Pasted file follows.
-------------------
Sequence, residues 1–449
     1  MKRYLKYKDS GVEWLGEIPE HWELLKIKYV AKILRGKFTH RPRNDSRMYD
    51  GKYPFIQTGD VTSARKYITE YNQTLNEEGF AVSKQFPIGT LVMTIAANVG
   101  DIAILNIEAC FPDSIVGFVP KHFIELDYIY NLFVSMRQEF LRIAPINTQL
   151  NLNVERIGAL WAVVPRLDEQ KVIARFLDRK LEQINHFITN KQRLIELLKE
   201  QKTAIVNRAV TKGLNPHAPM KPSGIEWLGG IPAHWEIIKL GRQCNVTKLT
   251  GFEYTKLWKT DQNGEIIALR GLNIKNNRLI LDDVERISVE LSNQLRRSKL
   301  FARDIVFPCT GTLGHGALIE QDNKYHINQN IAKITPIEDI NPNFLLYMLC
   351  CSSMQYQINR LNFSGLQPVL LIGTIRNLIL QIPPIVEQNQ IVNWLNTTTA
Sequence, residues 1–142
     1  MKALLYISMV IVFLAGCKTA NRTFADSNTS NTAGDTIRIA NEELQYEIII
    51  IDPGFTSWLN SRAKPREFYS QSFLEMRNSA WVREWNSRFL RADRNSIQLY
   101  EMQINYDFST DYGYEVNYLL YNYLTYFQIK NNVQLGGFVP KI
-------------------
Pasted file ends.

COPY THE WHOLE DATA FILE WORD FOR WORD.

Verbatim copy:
Sequence, residues 1–449
     1  MKRYLKYKDS GVEWLGEIPE HWELLKIKYV AKILRGKFTH RPRNDSRMYD
    51  GKYPFIQTGD VTSARKYITE YNQTLNEEGF AVSKQFPIGT LVMTIAANVG
   101  DIAILNIEAC FPDSIVGFVP KHFIELDYIY NLFVSMRQEF LRIAPINTQL
   151  NLNVERIGAL WAVVPRLDEQ KVIARFLDRK LEQINHFITN KQRLIELLKE
   201  QKTAIVNRAV TKGLNPHAPM KPSGIEWLGG IPAHWEIIKL GRQCNVTKLT
   251  GFEYTKLWKT DQNGEIIALR GLNIKNNRLI LDDVERISVE LSNQLRRSKL
   301  FARDIVFPCT GTLGHGALIE QDNKYHINQN IAKITPIEDI NPNFLLYMLC
   351  CSSMQYQINR LNFSGLQPVL LIGTIRNLIL QIPPIVEQNQ IVNWLNTTTA
Sequence, residues 1–142
     1  MKALLYISMV IVFLAGCKTA NRTFADSNTS NTAGDTIRIA NEELQYEIII
    51  IDPGFTSWLN SRAKPREFYS QSFLEMRNSA WVREWNSRFL RADRNSIQLY
   101  EMQINYDFST DYGYEVNYLL YNYLTYFQIK NNVQLGGFVP KI